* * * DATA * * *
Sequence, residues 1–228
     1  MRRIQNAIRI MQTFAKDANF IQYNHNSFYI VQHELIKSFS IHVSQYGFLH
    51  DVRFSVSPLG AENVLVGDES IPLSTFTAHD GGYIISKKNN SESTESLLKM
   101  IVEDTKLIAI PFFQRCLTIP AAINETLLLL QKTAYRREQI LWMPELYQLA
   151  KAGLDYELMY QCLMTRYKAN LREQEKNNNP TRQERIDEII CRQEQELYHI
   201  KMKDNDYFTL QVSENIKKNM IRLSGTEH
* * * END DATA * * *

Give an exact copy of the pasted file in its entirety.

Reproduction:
Sequence, residues 1–228
     1  MRRIQNAIRI MQTFAKDANF IQYNHNSFYI VQHELIKSFS IHVSQYGFLH
    51  DVRFSVSPLG AENVLVGDES IPLSTFTAHD GGYIISKKNN SESTESLLKM
   101  IVEDTKLIAI PFFQRCLTIP AAINETLLLL QKTAYRREQI LWMPELYQLA
   151  KAGLDYELMY QCLMTRYKAN LREQEKNNNP TRQERIDEII CRQEQELYHI
   201  KMKDNDYFTL QVSENIKKNM IRLSGTEH